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Latest research shows people are getting on board with mask mandates

biden mask mandate
Photo via Peter Stevens/Flickr (CC BY 2.0)

As President-elect Joe Biden begins his term on Jan. 20, the tenor of mask-wearing across the country could change within days. He’s expected to mandate masks in federal buildings, and you can be sure he’ll be wearing a face covering in public much more than his predecessor Donald Trump, who almost never did. Meanwhile, the new Johnson & Johnson vaccine could soon join Pfizer and Moderna in being distributed among Americans. 

So, perhaps there’s more hope to ending the pandemic than we’ve seen in months. But it’s not over yet. Dr. Anthony Fauci has said the pandemic could get even worse in the U.S. after the Christmas holiday, and January could be the worst month since the pandemic began. 

That’s why the continued wearing of masks in our everyday lives is imperative, despite what Sen. Rand Paul (R-Ky) says. More research continues to emerge about the masks and whether they should be worn to help stave off coronavirus transmissions, and the vast majority of it shows masks are vital to keep people safe from COVID-19. Recently, one of South Dakota Gov. Kristi Noem’s advisers said, “I’m still waiting for someone to point me to where in the world mask mandates are working.”

Well, here’s a sampling of some of the newest studies to be published along with other research we continue to discover. 

–Greenhalgh, T. (2020). Face coverings for the public: Laying straw men to rest. Journal Of Evaluation In Clinical Practice, 26(4), 1070-1077. doi: 10.1111/jep.13415  (May 2020) Response to criticism

Throughout the pandemic, the author has argued that politicians and other public officials should encourage people to wear masks. In a preprint paper published by The BMJ in May, Graham Martin, a researcher, and others accused author Trisha Greenhalgh of drawing conclusions that were not actually backed up by empirical research and for not weighing the “potential negative unintended consequences of a policy shift.” But in her own rebuttal, also published in May, Greenhalgh doubled down on her points, writing that she thanked “my academic adversaries for the intellectual sparring match, but exhort them to remember our professional accountability to a society in crisis. It is time to lay straw men to rest and embrace the full range of evidence in the context of the perilous threat the world is now facing.”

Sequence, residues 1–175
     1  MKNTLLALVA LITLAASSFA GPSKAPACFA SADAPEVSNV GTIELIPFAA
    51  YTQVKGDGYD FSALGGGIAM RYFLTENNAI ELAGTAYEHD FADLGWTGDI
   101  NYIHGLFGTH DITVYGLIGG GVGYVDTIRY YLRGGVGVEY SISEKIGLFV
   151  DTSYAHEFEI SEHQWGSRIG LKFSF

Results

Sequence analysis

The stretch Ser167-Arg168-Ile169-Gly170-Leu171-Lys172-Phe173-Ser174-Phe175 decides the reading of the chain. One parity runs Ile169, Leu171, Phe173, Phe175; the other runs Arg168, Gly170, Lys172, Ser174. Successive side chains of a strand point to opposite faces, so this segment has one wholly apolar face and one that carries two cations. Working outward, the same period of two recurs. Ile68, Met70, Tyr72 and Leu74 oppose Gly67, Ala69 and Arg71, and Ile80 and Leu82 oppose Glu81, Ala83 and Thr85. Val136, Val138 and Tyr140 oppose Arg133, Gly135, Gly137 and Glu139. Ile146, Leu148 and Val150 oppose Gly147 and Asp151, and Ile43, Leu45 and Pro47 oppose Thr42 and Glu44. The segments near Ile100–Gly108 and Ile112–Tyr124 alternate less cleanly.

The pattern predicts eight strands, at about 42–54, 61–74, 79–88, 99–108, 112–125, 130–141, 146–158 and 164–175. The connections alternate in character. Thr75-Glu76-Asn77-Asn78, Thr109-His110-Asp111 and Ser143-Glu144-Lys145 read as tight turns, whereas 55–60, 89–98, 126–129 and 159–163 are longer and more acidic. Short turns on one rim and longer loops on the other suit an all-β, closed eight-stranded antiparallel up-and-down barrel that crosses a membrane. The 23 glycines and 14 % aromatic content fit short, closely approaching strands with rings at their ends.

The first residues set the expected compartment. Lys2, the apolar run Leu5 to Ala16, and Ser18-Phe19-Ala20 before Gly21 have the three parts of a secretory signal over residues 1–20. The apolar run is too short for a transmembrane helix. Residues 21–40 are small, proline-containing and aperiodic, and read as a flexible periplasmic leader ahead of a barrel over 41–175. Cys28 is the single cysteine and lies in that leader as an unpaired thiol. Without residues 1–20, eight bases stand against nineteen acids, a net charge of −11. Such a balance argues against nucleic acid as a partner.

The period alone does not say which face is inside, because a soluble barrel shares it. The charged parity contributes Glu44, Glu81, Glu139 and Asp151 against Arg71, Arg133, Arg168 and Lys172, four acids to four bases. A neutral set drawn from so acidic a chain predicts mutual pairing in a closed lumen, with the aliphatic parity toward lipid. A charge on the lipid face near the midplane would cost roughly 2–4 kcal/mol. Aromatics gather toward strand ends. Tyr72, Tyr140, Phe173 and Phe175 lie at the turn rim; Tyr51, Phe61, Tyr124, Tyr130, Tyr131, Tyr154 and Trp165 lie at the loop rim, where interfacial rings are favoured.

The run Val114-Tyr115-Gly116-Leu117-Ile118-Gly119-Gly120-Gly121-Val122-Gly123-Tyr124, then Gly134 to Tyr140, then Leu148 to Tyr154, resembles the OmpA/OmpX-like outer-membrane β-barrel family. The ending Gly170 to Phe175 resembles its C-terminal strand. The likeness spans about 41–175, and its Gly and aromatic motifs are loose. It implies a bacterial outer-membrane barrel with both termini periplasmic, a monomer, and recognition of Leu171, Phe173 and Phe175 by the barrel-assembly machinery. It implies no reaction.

In her response, Greenhalgh wrote that Martin and his co-authors focused mostly on the question of whether the mask protected the mask-wearer. But Greenhalgh’s point was that she was also writing about how face coverings protect the rest of the community. In that aspect, Martin and others said the evidence on that was “very weak.” But Greenhalgh wrote that “the argument that we should not recommend face coverings because there are no published experiments is out of step with other public health policy on infection control in general and COVID‐19 in particular.”

The two sparred on other issues with her research, but in her conclusion, Greenhalgh wrote there was a bigger point at play. She wrote, “We also need to remember our moral accountability to a society in crisis. The relentless, day on day stories of avoidable deaths from this dreadful disease sicken me. I will do whatever I can, as an academic, a doctor and a citizen, to reduce that death toll and help get society back running again.”

–In a poll conducted in January 2021 by University of South Florida researchers, American adults are supportive of policy guidelines that aim to end the pandemic. According to the Tampa Bay Times, that includes two-thirds of people who actually support mask mandates.  

As the newspaper wrote, “66 percent said they would ‘somewhat’ or ‘strongly’ support a nationwide mask mandate—including penalties for noncompliance. However, their responses varied by party affiliation. Fifty-five percent of Republicans would oppose a national mask mandate compared to 35 percent of Democrats.”

As of mid-January, 38 states had mask mandates, and the tone of Biden in his first few weeks in office could be an important factor in determining whether even more people get on board with mandates. 

In case you missed the last blog post, the spotlighted research showed that the more a surgical mask is used, the less effective it becomes. The post also highlighted an experiment that showed “the results of a laser light-scattering experiment in which speech-generated droplets and their trajectories were visualized.”

Josh Katzowitz

Written by Josh Katzowitz